Time inevitably takes its toll on the artistic heritage of the Order of St. Augustine. This is why the Basilica of Sant'Agostino, in Campo Marzio, in collaboration with the Special Superintendence of Rome and the Intensa Sanpaolo finance group, has carried out a process of restoration that combines the most advanced and effective biotechnology with the gentlest of archaeological care.
Just a few days ago, the Italian newspaper Corriere della Sera reported on this curious procedure to preserve and clean oils, proteins, synthetic resins and mould that were damaging Jacopo Sansovino's 16th century sculpture of the Virgin Mary and Child.
And what was the remedy for removing unsightly stains and restoring the Madonna's original lustre? Bacteria. Bacteria with a voracious appetite.
At a press conference, biologist Chiara Alisi, who oversaw the selection and cultivation of the bacteria, explained that these microorganisms act directly on the marble, achieving a finish that has already benefited other masterpieces by great artists like Raphael, Caravaggio and Lanfranco, among others. She added that, "We chose four bacterial strains which, after cultivation, were capable of slowing down the deterioration of the marble."
A cutting edge AND sustainable procedure
The use of this type of micro-organism in this manner - a technique which has been championed by conservators in Rome for some time now - is being increasingly seen as both "sustainable" and at the forefront of archaeological protection. Complementing traditional restoration methods, the “hungry bacteria” take away the need to use aggressive chemicals and so better care for the original materials. Moreover, the bacteria are highly transportable and the sculptures can be treated in situ in the churches without any need to move them.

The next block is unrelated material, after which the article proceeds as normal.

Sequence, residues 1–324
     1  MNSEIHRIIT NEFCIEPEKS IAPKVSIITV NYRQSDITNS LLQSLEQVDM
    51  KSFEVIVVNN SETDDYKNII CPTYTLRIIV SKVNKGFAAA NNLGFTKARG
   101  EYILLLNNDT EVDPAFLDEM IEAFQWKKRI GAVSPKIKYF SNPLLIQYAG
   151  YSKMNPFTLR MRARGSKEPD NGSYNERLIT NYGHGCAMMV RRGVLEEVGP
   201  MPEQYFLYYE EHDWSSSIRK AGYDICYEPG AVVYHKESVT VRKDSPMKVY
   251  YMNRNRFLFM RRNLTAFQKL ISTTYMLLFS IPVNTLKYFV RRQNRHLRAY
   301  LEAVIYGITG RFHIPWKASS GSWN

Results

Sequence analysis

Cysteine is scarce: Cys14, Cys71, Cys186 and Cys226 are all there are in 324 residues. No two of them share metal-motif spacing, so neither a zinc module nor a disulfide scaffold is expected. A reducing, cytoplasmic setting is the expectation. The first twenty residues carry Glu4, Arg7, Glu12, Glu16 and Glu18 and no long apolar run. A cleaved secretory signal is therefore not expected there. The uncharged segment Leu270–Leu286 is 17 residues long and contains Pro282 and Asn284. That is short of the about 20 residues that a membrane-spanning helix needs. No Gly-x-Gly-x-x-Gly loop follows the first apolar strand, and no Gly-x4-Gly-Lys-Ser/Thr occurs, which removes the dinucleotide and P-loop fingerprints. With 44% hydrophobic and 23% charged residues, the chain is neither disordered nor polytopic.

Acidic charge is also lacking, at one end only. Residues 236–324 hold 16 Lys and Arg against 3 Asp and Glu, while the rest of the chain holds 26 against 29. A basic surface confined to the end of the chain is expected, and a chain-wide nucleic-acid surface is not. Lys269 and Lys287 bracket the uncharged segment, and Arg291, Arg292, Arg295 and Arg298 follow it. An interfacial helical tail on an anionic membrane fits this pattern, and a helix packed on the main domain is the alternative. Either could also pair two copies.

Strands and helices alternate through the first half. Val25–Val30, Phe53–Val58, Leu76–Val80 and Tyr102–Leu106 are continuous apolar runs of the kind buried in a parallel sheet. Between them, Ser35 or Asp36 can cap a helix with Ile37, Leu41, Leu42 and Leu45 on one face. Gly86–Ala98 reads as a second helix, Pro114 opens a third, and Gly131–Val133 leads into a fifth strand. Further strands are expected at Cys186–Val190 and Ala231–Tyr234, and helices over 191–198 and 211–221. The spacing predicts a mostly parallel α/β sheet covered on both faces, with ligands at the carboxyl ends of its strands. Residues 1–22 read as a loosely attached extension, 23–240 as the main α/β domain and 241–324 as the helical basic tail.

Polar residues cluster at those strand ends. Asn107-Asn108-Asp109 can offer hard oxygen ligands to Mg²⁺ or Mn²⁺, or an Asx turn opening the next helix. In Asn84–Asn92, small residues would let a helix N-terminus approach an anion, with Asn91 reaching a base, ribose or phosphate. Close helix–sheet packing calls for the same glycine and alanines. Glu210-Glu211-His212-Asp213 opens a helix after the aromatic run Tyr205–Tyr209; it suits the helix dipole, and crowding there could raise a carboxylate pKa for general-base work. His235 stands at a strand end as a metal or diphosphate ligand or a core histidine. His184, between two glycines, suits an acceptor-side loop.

It is not a quick fix, however, and restoration work remains a painstaking process. Work on cleaning the Sansovino lasted over six months and involved a team of specialists, under the leadership of director of renovation Anna Borzomati. The results can now be seen at the Basilica of Sant'Agostino, where visitors can once more enjoy this precious portrayal of the Virgin and Child Jesus.